Read Between the Lions
I f it weren’t for the scores of other issues on Americans’ minds these days, maybe we could put some heat on animal-rights activists to either learn about wildlife management or quit meddling in it.
This past spring, yet another tambourine-banging, money-raising organization that presents itself as supportive of animals, but is not, stuck its nose—which grows every time it issues a press release—where it doesn’t belong.
I won’t name it or any of its kind, because they’re all beginning to stink about equally. Instead, know that it tried to draw parallels between lion management in Africa with lion management in North America.
Beyond the elementary-school observation that both animals are big cats with whiskers and long tails, there aren’t many similarities in the past, present or future of these species.
Not ones to let facts get in the way of sensationalism and fund-raising, the group’s attempt was to capitalize on the now year-old story of Cecil the Lion.
Remember Cecil? That’s the name of a lion supposedly known almost everywhere—except in Zimbabwe—that was baited off a preserve by other-than-scrupulous people. The dentist from up north who shot that lion did his level best, from start to finish, to abide by Zimbabwe’s lion-hunting rules and eventually was found to have broken none of them.
Knee-jerk reaction to the hunt and its consequences, however, cost the man, his employees and his patients a tremendous amount of unnecessary loss in revenue and healthcare.
Fast forward to this year—a little late if you ask me—when the tambourines started shaking here. I’ll neither waste your time nor insult your intelligence by going into the misguided parallels drawn between the management of lions in Africa and those in our Rocky Mountain states.
In a nutshell, know that this group wanted you and me to believe that if we didn’t do something dramatic—and do it now—that mountain lions here would suffer the same fate as African lions.
So…a couple of things. First, where lions are hunted in these United States, stringent management programs are in place to protect the cats and their natural prey. Too few cats and too much prey equals an imbalance correctible by reducing the number of cats killed each year. Too many cats and too little prey is handled the opposite way. Simple.
Similar management strategy was in place in Zimbabwe until a lion named by shutterbug tourists wound up dead on the wrong side of the fence. A firestorm of social media ensued, including everything from demands for the immediate cessation of lion hunting to threats on the lives of everyone involved.
Fortunately, most threats of physical harm were just that, idle threats made by people half a planet away in more ways than geographically. Outcry directed toward the nation of Zimbabwe, no matter how little the criers knew about wildlife management, actually got its desired result.
Unfortunately for Zimbabwe’s lions and the health of their overall population, the country’s decision makers decided to shut down recreational lion hunts there indefinitely.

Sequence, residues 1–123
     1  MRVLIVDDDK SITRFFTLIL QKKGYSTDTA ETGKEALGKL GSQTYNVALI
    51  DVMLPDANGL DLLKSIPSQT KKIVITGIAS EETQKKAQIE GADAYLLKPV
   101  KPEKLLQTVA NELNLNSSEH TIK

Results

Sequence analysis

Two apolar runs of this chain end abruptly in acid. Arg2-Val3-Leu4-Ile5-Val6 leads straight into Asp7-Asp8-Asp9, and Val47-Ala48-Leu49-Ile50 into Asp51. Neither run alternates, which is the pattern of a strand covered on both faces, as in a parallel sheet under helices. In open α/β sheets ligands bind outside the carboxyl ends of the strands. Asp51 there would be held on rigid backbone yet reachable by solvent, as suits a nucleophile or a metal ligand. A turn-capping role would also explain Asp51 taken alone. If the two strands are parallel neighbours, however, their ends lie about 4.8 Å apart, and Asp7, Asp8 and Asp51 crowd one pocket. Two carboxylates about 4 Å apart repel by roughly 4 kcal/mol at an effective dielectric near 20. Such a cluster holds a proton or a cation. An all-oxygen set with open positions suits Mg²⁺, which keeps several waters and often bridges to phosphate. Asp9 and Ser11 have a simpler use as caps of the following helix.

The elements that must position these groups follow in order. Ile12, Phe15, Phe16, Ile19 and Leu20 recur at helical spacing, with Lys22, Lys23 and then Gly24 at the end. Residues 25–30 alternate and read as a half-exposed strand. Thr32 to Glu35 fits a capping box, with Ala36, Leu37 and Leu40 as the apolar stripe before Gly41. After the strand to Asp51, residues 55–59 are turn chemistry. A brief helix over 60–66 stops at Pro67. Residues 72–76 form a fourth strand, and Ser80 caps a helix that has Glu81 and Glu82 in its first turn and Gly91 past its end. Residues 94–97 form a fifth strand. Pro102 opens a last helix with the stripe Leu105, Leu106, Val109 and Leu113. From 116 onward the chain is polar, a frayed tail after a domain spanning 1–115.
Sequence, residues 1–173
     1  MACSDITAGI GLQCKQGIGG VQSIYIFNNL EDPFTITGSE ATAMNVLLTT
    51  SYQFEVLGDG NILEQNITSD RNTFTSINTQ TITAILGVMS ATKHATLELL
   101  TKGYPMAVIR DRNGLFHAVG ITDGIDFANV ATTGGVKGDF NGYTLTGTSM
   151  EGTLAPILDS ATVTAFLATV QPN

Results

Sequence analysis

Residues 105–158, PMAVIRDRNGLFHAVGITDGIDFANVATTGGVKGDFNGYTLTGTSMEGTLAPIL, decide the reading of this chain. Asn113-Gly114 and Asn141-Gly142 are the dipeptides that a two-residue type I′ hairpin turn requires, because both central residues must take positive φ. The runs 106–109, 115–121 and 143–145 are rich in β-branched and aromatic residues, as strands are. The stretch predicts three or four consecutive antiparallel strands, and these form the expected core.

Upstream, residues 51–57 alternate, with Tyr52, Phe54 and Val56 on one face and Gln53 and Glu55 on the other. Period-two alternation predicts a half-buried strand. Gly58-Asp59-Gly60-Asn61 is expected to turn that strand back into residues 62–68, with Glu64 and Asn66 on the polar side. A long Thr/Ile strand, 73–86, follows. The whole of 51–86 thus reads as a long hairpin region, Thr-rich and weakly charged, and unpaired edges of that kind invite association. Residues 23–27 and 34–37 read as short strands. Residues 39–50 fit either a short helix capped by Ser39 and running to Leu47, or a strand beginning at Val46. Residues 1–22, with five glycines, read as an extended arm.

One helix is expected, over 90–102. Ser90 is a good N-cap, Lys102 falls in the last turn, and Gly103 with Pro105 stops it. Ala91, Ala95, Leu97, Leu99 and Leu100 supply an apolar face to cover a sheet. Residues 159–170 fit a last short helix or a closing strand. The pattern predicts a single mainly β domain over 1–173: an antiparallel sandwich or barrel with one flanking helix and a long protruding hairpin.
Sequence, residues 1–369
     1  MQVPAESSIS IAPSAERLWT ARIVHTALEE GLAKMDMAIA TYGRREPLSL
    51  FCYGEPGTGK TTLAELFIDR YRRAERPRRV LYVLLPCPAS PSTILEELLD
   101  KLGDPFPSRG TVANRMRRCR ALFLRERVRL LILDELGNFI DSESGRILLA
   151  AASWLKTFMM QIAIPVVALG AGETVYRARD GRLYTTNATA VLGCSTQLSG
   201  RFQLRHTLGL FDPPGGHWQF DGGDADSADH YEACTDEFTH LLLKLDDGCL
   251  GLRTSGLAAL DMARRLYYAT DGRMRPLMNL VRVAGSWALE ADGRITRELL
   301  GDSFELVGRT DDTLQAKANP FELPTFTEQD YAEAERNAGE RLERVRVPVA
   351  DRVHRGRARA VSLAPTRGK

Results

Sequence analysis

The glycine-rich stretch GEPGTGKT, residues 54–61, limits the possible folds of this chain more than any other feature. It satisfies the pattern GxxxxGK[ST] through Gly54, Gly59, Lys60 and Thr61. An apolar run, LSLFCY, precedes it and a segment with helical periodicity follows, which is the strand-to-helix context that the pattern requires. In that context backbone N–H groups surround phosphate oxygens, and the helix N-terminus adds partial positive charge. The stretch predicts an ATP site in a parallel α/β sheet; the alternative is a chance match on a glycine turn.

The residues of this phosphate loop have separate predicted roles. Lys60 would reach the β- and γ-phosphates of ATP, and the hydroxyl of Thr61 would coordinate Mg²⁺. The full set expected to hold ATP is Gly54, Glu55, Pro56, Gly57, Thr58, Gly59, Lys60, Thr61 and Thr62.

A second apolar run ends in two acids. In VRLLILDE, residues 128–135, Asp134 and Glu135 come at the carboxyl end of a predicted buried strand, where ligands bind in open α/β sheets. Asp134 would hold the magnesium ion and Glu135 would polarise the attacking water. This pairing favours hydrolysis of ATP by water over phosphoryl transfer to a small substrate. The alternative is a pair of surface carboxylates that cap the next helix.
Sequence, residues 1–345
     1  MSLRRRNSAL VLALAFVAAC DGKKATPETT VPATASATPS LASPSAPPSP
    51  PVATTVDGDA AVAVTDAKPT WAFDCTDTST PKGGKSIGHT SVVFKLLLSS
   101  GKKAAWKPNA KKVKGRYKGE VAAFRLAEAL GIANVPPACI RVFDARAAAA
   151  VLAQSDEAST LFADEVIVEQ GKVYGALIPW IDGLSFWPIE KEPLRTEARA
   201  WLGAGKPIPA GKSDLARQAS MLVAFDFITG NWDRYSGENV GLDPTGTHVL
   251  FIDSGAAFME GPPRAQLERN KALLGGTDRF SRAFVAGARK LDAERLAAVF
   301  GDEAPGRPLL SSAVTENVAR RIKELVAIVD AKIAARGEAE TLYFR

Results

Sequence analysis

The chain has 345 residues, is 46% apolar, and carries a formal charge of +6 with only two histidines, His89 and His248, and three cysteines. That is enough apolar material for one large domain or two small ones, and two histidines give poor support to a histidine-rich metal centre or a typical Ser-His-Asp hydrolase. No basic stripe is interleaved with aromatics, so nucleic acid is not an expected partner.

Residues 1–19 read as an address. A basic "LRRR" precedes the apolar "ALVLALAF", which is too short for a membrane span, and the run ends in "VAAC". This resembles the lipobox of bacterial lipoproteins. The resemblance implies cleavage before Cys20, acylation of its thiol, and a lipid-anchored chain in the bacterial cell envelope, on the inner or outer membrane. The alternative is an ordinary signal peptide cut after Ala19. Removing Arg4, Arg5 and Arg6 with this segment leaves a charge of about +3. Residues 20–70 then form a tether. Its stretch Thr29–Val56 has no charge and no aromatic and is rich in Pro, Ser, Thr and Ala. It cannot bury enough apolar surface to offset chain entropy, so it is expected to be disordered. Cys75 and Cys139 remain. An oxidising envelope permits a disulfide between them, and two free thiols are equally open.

This past spring, I got a press release that took quite the opposite direction as the one from the animal-rights group. It was an update on the state of Zimbabwe’s lion population less than a year after the “Cecil” incident.
According to its data, that stoppage of lion hunting there—which roughly generated $50,000 per animal toward anti-poaching efforts, wildlife management, wildlife education and habitat restoration—resulted in…everybody say it with me…an overpopulation of lions.
On one of the country’s largest conservancies, just that one chunk of ground, managers already saw need to remove—which means kill in this context—as many as 200 lions. Might turn out to be 100, maybe even as few as 50, let’s say for the sake of conservatism and optimism. However you say it, each of those animals removed by the Zimbabwean government represents a loss to that nation of $50,000 or more.
If it’s 100 lions—I don’t even need a calculator for this – that’s $5 million, at least, that Zimbabwe won’t get to help its lion population or its law enforcement effort.
Back here at home, mountain lion populations generally are stable and, in some areas, on the rise. Extremists point to states that offer higher numbers of lions to hunters as being worst for the lions when, in fact, more hunting opportunity only exists where there is an overabundance of the animals.
Recoveries in areas where lion numbers dwindled historically are underway. And soon, if not already, cougars will inhabit all the space that remains available and suitable to them. Once they saturate that habitat, there won’t be room for any more lions.
That’s when we’ll either turn to population management through recreational hunting—a wildlife manager’s best tool these days—or risk losing a person to a lion that ran out of bunny rabbits to eat.
The last thing North American lions need is for managers’ hands to be tied by politicians who care more about votes than about wildlife and don’t know squat about the latter.
Great as this nation still is, there are plenty of things that could be a whole lot better. Mountain-lion management isn’t one of them. So far.